Featured Business: Harvest Market

Owner Dan Godek knows the community of Gove County comes together at Harvest Market.

Love Small Town America is the online home for some of small town America’s best businesses. We’re giving them a chance to share with the world just what makes them so special. Please welcome our very first featured business to the Love Small Town America blog: Harvest Market

Where can you find delicious BBQ meats, household essentials, and a dead rat all in one, convenient location? Residents of Grainfield, Kansas know that Harvest Market is the place to find all of these things – and more!

At Harvest Market, household essentials line the shelves alongside quirky surprises.

Grocery stores are often the heart of small towns, where citizens gather to share the latest news and pick up a loaf of bread. Grainfield finds this in Harvest Market – and a little extra.

Harvest Market has been in operation in Grainfield in some form or another since the late 1920s. Current owners Dan and Nicole Godek have updated the market with energy-efficient equipment and expanded product lines, keeping Harvest Market a viable part of the small town economy while respecting its historic tradition of serving the people of Gove County, KS.

The family-owned store has imbued Harvest Market with a lively spirit that draws in customers from all over the area. Slogans like, “Eggs, Tomatoes, Toilet Paper… Everything You Need to Decorate Your Favorite Neighbor’s House,” and “We Get Up in Your Grill,” are proof that grocery shopping doesn’t have to be a chore.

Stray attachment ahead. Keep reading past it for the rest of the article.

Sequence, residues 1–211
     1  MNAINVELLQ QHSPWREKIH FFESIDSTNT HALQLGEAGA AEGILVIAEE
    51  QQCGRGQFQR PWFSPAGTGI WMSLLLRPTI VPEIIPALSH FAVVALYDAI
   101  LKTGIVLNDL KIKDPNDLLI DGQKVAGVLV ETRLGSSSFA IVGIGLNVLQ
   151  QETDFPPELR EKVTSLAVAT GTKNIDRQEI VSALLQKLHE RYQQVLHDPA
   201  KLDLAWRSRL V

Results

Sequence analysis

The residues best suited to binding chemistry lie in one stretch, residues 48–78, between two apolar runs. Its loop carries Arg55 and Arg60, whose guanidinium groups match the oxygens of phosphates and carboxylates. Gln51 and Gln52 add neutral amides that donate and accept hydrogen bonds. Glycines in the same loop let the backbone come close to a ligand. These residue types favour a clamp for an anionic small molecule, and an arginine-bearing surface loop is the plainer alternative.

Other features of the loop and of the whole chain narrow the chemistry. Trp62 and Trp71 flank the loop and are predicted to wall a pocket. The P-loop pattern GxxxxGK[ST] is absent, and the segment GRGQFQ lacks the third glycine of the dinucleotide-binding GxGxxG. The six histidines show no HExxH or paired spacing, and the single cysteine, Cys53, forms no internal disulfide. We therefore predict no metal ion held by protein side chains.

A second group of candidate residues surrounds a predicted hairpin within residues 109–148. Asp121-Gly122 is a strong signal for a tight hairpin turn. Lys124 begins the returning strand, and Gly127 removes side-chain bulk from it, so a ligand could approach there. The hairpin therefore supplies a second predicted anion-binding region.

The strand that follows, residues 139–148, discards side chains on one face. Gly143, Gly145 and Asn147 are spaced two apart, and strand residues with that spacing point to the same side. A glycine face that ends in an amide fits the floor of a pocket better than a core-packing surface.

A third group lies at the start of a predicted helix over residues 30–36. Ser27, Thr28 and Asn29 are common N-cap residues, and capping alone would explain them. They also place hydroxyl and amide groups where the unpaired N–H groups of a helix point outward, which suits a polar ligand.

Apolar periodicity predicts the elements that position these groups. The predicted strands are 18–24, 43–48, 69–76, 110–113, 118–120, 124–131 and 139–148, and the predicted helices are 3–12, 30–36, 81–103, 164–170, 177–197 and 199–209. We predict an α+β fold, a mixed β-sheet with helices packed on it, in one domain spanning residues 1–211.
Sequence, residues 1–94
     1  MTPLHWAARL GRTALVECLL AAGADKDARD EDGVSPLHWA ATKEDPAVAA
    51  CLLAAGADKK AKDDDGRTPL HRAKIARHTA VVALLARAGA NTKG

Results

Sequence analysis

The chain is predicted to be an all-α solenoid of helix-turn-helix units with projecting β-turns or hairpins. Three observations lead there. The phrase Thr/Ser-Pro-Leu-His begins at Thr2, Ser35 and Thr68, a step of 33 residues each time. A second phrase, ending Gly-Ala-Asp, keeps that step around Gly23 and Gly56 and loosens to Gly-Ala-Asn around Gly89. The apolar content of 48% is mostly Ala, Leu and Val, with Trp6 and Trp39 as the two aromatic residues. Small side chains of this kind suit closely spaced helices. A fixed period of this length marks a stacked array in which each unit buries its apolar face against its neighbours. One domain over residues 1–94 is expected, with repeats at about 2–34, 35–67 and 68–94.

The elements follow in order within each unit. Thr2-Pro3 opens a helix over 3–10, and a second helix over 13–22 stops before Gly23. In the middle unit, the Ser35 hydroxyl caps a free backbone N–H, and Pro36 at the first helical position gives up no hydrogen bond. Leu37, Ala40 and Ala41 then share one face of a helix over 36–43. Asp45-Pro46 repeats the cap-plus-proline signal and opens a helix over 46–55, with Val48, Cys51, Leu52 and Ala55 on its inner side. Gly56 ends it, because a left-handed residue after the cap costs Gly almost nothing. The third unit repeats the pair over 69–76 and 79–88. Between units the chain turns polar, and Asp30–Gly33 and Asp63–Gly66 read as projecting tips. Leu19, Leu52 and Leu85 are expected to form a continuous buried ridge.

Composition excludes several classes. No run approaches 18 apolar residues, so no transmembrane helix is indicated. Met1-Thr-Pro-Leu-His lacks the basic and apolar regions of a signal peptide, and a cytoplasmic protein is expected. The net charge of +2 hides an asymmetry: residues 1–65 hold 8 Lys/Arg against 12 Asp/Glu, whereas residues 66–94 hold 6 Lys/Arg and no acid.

Shopping trips become lively excursions at Harvest Market with a little help from the local "wildlife".

Although Harvest Market does have eggs, tomatoes, and toilet paper (and produce, dairy, party trays, beauty products, beer, tobacco, and more), it’s their mouthwatering array of Harvest Market Brand BBQ meats that promises to make summertime special in Kansas. The sight of pulled pork, beef brisket, and BBQ beef fresh from the heartland have wrecked more than one carefully planned dinner menu, but we have a feeling no one is complaining.

Harvest Market brand BBQ draws customers from all around.

Owner Dan Godek draws inspiration from his own children (or maybe from his childlike zest for life!) and makes a shopping excursion to Harvest Market fun for all ages. A big gnome, little gnome, dead hand, and toy rat wander mysteriously about the store every day just waiting to be found. If searching for a toy rat doesn’t sound like your kind of fun, a carnival mirror is an oracle of truth that could provide the answer to whether you should place that candy bar or that bunch of bananas in your shopping cart.

Looking for a great deal?

Coupons rotate frequently at Harvest Market, so check back soon.

Harvest Market rotates coupons on their Love Small Town America site, so check back regularly for updated promotions. Through May 31, 2012, they are offering a bargain on sunflower seeds – perfect for enjoying outside as the weather warms up.

BIGS Sunflower Seeds are on special at Harvest Market this May.

What Does Harvest Market Love About Small Towns?

They’re quiet, peaceful, affordable, friendly, safe, vibrant, caring, and conservative.

What Does Harvest Market Like Best About Love Small Town America?

Harvest Market calls Love Small Town America their home on the web. But it’s more than just good business sense – it’s about good.